• One of the objects of my invention is the provision of a precipitation-hardenable stainless steel which is virtually free of nickel, which readily may be hot-worked and cold-worked into a variety of articles of ultimate use, and which subsequently may be precipitation-hardened-by heat-treating methods in which precise control of temperatures and time becomes unnecessary, all to produce products of strength at room temperature and at elevated temperature, with freedom from distortion and heat discoloration.
  • a stainless steel which essentially consists of chromium, copper, nitrogen and carbon in critical amounts, with remainder substantially all iron.
  • the chromium amounts to 12.0% to 20.0%, the copper 2.00% to 4.50%, the nitrogen 0.01% to 0.20%, and the carbon 0.01% to 0.20%.
  • the chromium ranges from about 13.50% to 17.50%, the copper about 3.00%, carbon about 0.10%, and the nitrogen 0.02%, with remainder iron.
  • manganese is usually presentin the amount of about 0.50%, although this may amount to as much as about 1.00%.
  • Silicon also usually is present in the amount of about 0.50%, although it may amount to as much as 1.00%.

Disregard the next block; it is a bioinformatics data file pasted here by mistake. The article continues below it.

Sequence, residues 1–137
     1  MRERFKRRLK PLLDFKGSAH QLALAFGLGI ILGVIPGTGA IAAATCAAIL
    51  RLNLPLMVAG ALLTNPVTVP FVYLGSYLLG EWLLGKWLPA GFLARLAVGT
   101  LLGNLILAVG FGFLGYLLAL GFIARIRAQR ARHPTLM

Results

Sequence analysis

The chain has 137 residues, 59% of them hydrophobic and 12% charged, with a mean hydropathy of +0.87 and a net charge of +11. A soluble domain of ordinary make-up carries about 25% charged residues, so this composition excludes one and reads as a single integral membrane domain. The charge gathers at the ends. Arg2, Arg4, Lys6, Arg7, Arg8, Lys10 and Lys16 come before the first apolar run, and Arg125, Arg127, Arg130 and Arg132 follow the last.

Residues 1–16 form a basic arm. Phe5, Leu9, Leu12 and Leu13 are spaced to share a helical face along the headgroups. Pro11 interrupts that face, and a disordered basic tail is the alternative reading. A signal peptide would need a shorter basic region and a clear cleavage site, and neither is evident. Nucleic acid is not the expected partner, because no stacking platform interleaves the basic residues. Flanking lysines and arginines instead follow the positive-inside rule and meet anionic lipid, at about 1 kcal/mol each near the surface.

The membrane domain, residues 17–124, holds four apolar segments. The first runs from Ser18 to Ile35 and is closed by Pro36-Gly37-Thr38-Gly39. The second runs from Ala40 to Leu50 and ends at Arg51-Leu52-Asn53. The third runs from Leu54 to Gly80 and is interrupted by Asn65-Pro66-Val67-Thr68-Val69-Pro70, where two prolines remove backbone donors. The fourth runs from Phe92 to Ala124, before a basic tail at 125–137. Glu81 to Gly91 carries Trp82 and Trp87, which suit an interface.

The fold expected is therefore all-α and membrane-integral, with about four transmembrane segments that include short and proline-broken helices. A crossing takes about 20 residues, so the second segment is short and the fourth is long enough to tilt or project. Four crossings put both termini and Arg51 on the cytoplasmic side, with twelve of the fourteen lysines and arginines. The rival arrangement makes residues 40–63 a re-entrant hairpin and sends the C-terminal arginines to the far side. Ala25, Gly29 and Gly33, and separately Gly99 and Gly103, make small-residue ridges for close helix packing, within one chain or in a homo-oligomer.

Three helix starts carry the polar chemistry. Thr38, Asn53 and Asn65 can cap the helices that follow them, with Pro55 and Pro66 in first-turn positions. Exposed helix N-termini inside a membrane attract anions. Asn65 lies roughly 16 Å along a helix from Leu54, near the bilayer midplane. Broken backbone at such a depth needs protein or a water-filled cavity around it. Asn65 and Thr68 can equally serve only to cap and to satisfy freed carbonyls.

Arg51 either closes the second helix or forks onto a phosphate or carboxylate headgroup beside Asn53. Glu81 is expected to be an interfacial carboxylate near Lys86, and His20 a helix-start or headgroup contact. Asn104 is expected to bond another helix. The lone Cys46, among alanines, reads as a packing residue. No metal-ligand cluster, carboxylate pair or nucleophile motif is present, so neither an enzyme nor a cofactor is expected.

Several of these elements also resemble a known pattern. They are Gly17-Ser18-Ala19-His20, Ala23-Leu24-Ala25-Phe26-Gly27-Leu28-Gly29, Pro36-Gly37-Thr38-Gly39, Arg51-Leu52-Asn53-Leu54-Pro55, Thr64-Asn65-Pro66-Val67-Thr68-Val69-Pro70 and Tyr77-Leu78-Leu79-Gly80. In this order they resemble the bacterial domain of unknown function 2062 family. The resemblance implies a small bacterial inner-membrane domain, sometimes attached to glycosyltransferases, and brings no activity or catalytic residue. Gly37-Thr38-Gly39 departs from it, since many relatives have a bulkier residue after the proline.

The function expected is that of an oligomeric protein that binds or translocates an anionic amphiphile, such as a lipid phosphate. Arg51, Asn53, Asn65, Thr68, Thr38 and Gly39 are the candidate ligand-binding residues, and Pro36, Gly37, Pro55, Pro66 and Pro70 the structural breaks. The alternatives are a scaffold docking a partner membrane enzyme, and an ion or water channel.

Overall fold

• Nickel also may be present as an impurity, this generally amounting to as much as 0.20%, although it may reach as much as 0.75%.
  • Phosphorus and sulphur ordinarily are low, although the phosphorus content may be as much as 0.050%, While the sulphur content may be as'much as 0.50% for improving machinability.
  • molybdenum may be added for special purposes up to the amount of 5.00%. So, too, there may be special additions of columbium, tantalum and tungsten each in amounts up to about 4.00%. Likewise, vanadiummay be added up to the amount of about 2%. And cobalt may be added up to the amount of about 12%. I: also find that titanium may be added up to about 1% and boron up to 0.050%.
  • the chromium content is so correlated'with the sumof the carbon and nitrogen contents as to fall within the area ABCD of Fig. 1 of the accompanying diagram.
  • molybdenum is employed, I find that the molybdenum content must be considered as an addition to the actual chromium content in making use of the diagram, the chromium and molybdenum thus being considered as chromium equivalents.
  • the essential composition of the steel of my invention is inevery sense critical. Within the range of composition there is had a steel of the desired room temperature and high temperature properties. With carbon and nitrogen contents in excess of the figures given in terms of percent and in terms of the diagram, however, I find an excessive amount of austenite retained, after the precipitation-hardening treatment. gen contents less than those employed in the steel of my invention, I find insutficient hardening is had. So, too, insufficient hardening is had with a steel of chromium content less than that employed in the steel of my invention. And with a chromium content in excess of that employed in my steel I find that no actual precipitationhardening is obtained.